At the same time coal miners are finding it harder to receive approvals due to ESG and particularly climate concerns, something which has reduced the pipeline to replace ageing production.
That is despite a relatively high level of support from Australian Governments, which has seen the stage set for controversial extensions of South32’s (ASX:S32) Dendrobium mine near Wollongong, New Hope Corp’s New Acland Stage 3 and the first shipments from Adani’s hotly contested Carmichael coal mine in Queensland.
While Australian Resources Minister Keith Pitt is bullish in his view coal, and particularly “high quality” Australian thermal and met coal, will be in heavy use for decades to come, other Western governments have been cracking down.
“I think the biggest issue for coal of all types is going to be permitting of new supply,” Lion Selection Group’s Hedley Widdup said.
“’Coal’ is an emotive phrase, and in the places it is most emotive there doesn’t seem to be a great deal of “are we talking thermal or coking” asked.
“The hotter ESG becomes as an investing theme, the less easy expanding or developing new supply of most coal will be.”
There have already been positive signals for Australian coal producers early in 2022, after Indonesian authorities issued an export ban to alleviate energy shortages at home.
The ban was due for review yesterday, with Indonesia’s state power company PLN saying it had secured enough supplies to stave off power outages in January.
The incident highlights the ongoing role coal is playing in power grids overseas despite its sliding use in the Australian market.
Kingsley Jones from Jevons Global expects coal prices and demand to fluctuate in step with natural gas prices. High natural gas prices and low supply have led to the expansion of thermal coal plant use in places like Asia, the US and Europe.
“This is what is happening already and we can see from the situation in the USA and Europe that higher natural gas prices make coal restart economic,” he said.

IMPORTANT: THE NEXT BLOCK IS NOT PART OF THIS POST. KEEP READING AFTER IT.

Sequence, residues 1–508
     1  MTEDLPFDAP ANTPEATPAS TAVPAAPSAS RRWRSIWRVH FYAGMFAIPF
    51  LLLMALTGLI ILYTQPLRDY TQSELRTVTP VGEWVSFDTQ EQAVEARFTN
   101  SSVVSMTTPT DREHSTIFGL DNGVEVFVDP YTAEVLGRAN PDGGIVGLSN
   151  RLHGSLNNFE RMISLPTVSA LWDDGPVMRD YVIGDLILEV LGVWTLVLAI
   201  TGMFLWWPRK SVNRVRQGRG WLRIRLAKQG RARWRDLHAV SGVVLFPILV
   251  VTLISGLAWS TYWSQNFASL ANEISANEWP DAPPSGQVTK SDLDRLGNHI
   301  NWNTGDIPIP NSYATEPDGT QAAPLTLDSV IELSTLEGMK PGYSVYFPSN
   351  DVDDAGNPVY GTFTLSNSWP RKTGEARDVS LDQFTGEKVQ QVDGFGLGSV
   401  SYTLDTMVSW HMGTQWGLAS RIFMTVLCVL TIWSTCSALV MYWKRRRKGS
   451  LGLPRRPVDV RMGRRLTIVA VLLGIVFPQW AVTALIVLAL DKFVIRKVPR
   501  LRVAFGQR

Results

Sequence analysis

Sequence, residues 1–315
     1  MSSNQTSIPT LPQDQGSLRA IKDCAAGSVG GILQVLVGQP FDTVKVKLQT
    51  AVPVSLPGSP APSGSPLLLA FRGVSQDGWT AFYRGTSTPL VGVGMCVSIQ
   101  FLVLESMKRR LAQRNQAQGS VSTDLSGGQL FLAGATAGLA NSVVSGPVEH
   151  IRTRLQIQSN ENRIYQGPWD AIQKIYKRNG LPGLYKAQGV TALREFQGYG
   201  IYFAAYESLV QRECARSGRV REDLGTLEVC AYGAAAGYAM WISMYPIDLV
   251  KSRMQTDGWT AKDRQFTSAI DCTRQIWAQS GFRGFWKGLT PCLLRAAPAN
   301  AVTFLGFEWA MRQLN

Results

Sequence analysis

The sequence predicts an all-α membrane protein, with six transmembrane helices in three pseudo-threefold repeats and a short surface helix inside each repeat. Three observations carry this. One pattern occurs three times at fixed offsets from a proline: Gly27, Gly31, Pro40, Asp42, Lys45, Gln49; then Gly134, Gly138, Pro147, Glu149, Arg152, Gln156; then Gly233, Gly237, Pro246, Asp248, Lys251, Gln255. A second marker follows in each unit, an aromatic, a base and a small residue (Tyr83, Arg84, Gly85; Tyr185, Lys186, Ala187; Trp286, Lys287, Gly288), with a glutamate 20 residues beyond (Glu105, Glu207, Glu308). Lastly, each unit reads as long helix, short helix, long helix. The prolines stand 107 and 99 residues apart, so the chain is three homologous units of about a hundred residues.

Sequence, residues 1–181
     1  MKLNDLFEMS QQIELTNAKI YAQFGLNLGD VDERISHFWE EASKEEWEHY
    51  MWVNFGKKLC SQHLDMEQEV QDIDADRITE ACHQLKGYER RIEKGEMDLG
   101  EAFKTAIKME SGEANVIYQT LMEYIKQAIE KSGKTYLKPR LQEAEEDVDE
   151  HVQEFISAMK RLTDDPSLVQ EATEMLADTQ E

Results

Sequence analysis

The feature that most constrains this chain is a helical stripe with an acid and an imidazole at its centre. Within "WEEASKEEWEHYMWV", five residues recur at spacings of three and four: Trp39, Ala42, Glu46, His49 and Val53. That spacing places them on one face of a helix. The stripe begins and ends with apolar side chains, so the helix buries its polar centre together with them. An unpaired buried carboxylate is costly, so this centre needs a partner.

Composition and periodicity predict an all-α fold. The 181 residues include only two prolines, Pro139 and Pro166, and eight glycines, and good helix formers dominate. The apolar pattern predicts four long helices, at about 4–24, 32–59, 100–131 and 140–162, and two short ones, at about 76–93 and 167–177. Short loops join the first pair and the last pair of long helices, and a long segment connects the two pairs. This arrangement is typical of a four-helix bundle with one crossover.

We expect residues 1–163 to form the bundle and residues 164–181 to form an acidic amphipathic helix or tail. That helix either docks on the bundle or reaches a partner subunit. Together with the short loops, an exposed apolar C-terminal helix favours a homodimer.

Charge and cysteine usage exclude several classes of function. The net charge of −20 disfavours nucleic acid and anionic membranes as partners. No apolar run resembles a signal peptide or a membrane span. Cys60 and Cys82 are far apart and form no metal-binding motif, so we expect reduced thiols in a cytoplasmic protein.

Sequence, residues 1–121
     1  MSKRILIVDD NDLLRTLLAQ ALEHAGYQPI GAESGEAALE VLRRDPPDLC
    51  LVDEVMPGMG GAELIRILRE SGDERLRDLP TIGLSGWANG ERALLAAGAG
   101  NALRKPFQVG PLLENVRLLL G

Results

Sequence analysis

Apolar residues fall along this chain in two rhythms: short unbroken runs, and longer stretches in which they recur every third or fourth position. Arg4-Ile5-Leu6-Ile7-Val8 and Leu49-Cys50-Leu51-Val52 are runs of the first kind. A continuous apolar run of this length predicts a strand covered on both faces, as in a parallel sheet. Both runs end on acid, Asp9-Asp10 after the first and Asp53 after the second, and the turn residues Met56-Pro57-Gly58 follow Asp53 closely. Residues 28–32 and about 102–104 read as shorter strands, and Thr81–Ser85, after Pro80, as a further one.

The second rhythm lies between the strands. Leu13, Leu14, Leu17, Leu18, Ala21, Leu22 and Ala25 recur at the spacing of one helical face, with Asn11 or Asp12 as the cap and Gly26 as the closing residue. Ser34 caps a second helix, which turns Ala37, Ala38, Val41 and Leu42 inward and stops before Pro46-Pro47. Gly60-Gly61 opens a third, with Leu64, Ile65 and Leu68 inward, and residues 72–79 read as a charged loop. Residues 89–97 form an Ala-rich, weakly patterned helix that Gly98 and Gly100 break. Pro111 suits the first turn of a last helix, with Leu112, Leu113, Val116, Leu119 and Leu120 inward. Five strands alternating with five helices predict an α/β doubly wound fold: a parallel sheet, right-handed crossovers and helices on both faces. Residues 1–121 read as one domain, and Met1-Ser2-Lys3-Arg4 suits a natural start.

“That is why coal plants are restarting right now. This is a bad outcome for emissions, but a natural consequence of the push to stop investment in gas.
“This is backfiring now with coal prices rising off additional power demand to substitute for natural gas.
“In our view, the coal industry will likely experience periods (like now) where prices and margins are very good followed by long periods where it makes no money.”
He said interest in new coal plant investment will likely be low unless there are options to sequester the carbon produced, something that despite support from governments like Australia’s, it has been difficult to establish at scale.
“Whitecap resources in Canada runs a tight oil operation that sequesters carbon dioxide piped from a neighbouring coal-fired power station,” Jones said.
“That is used for enhanced oil production for a net-negative cycle emission profile. This approach is unlikely to achieve major scale, but it is why we think you will see many “orphaned assets” move to private equity where they can be bought cheaply and then retrofitted or otherwise reorganised for lower emissions.
“The public markets are unlikely to show much interest in this area, but we think it may prove profitable for some that do.”
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So what will coal prices do this year after an unpredictable 2021?
Research analysts and forecasters who severely undershot their predictions last year were forced to up their estimates as the year progressed and the market tightness persisted.
Perspectives on where met coal and thermal coal will go in 2022 are diverse.
Commonwealth Bank’s Vivek Dhar sees met coal averaging US$280/t in the March quarter with thermal coal averaging US$160/t before sliding to US$155/t and US$80/t respectively by the end of the year.
UBS estimates hard coking coal will average US$238/t in 2022, with thermal coal fetching an average price of US$118/t before sliding in 2023 to US$154/t and US$95/t, respectively.
Tribeca Investment Partners head of research Todd Warren said the market had been badly wrong footed by the run in coal prices.
He said Australian coal in particular would find a strong buyer’s market, with ESG and emissions concerns likely to see overseas customers seek out the higher quality Australian product.
“The reality is that the quality of Australian coal both met and thermal means that it will always find a home,” he said.
“And indeed, more often than not in an environment of increasing environmental sensitivity, the high quality met coal or the low ash, high BTU Australian thermal coal will always in the foreseeable future have demand for it.
“We expect that to continue … spot remains well above consensus and we expect consensus will have to come up.”